Farm leaders remain determined to strike a CAP reform deal before the end of June – despite some difficult unresolved issues.

A deal by the end of the month requires the agreement of the European Commission, European Council and European Parliament. Representatives from all three institutions gathered in Dublin this week for an informal meeting hosted by Ireland, which holds the EU presidency.

Sticking points include capping limits for direct farm payments, production-linked subsidies, the way farm support is distributed between member states, a new definition for less-favoured areas, an end date for sugar quotas and help to get youngsters started on the farming ladder.

“Above all, these talks have reinforced my confidence that I will be able to present a package of measures to the council at the end of June that will allow us to finalise a political agreement within the timescale we set for ourselves at the commencement of the Irish presidency.”
Irish farm minister Simon Coveney

Speaking afterwards, Irish farm minister and farm council president Simon Coveney said the meeting was useful, informative and conducted in a positive atmosphere. It was clear all three institutions remained firmly focused on reaching a deal, said Mr Coveney.

“Above all, these talks have reinforced my confidence that I will be able to present a package of measures to the council at the end of June that will allow us to finalise a political agreement within the timescale we set for ourselves at the commencement of the Irish presidency.”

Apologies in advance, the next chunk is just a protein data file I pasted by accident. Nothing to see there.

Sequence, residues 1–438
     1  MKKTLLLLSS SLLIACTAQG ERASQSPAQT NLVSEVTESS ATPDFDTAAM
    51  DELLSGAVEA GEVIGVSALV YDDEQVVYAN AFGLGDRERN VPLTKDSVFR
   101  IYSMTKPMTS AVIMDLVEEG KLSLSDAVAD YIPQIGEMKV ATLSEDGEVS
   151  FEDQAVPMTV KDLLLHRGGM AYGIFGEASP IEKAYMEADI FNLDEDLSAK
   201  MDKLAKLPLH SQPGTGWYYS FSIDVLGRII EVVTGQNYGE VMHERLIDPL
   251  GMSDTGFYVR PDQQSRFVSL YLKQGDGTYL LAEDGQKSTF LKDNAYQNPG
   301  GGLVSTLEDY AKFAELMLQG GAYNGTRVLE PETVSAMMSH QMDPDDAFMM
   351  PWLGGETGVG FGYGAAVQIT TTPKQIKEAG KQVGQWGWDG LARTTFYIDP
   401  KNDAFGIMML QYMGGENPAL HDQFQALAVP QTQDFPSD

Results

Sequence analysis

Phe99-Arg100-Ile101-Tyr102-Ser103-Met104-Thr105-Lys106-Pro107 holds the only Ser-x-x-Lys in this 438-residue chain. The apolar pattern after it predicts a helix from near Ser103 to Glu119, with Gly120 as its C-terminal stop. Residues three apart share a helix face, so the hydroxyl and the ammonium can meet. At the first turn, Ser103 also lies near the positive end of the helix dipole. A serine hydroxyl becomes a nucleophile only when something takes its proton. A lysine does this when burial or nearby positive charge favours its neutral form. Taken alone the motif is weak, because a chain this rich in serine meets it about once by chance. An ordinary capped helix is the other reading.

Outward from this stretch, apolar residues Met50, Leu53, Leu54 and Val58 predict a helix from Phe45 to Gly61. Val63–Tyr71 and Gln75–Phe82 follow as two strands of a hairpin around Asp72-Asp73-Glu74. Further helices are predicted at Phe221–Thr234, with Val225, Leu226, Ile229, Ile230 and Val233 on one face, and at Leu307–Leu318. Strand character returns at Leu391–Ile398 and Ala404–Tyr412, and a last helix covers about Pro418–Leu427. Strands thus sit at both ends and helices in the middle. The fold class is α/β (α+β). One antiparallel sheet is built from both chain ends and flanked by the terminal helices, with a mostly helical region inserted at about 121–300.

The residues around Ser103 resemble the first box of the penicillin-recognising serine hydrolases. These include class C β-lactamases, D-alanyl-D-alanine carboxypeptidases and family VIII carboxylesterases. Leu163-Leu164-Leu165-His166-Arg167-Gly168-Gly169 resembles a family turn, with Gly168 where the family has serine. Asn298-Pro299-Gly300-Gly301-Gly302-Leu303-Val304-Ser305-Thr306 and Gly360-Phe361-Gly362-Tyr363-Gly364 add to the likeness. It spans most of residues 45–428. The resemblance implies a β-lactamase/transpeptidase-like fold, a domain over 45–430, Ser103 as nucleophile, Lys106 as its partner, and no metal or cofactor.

While no agreement was reached in Dublin, European farm commissioner Dacian Ciolos said all sides had shown willingness to compromise. He added: “I am [even] more optimistic than I was three days ago that we can have a political accord on CAP reform in June.”

Paolo De Castro, chairman of the European Parliament’s agriculture committee, said much depended on the successful outcome of ongoing EU budget talks and on the ability of the council to compromise on crucial aspects of CAP reform.

The parliament was “prepared to hold negotiations until the very end of the Irish presidency,” he added.

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